Shenandoah U eSports visits AACC, offers tips


Speakers from Shenandoah University’s eSports team advise students on how to get a job in gaming.

Arianna Beers, Sports Editor

Getting work experience in the eSports field during college is the best way to land a job in the gaming industry after graduation, speakers from Shenandoah University told AACC eSports Club members in February.

The university’s director of eSports, Joe Gawrysiak, said students should try to find a way to manage tournaments and gaming events while they are still in school because having that experience will help them get jobs later.

“We are training our students to … be able to [run eSports] events while they’re getting their degree so that they can work events when they get out into the industry,” Gawrysiak said.

Gawrysiak added that while the eSports industry encompasses a variety of  jobs, gaming event management is the most successful field.

“Any company or corporation that is in the eSports field needs people with that understanding of event management and running eSports events,” Gawrysiak said, “because there’s a component to event management no matter what you want to do in eSports.”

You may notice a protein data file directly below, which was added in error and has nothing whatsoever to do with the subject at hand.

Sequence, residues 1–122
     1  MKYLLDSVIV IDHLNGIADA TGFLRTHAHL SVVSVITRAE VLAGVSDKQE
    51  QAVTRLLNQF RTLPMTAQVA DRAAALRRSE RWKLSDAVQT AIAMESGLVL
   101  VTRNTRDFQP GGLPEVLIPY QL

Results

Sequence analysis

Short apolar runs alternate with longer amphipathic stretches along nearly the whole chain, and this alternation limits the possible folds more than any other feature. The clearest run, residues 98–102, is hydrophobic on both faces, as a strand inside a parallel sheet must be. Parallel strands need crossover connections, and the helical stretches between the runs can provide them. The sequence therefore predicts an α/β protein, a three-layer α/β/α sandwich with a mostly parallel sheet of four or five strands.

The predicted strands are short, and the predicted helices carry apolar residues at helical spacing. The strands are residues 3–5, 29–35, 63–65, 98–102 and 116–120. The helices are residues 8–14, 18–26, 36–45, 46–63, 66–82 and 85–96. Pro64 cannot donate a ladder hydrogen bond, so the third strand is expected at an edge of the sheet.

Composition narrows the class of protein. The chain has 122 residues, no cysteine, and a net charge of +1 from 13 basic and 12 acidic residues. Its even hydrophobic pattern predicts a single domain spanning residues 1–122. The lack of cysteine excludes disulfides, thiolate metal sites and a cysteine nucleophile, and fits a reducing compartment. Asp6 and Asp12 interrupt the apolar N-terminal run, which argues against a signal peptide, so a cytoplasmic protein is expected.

Also at the assembly were Shenandoah University’s game coach, Joel Oliver, and eSports student coordinator Morgan Keeler. Oliver and Keeler stood on stage sporting red and blue jerseys, like those that athletes wear, to represent their school’s eSports Competition team.

In addition to having a varsity eSports team, Shenandoah offers an eSports major and two minors.

Keeler advised students at AACC who want to enter a career in eSports to get experience running gaming events, such as hosting tournaments where gamers can compete against each other on teams or individually.

“When most people think of eSports they think of the players and the coaches, but there’s a lot more to it,” Conway Johnson, AACC’s ESports Club consultant, said. “[There’s] really a whole ecosystem around [the eSports industry].”

AACC ESports Club President Joie Frank said the club invited the speakers to get insight from professionals on the various eSports-related career paths students can choose from if they aren’t sure where to start.

“We … focus not only on the players, but on other things like team managers and coaches,” Frank, a fourth-year undeclared student, said.

Dallas Coleman, an AACC ESports Club member and fourth-year music student, said the speakers from Shenandoah offered advice to AACC’s players on how to improve their program.

“They spoke about their own eSports program and things we can do to get better and how we can improve our eSports team,” Coleman said.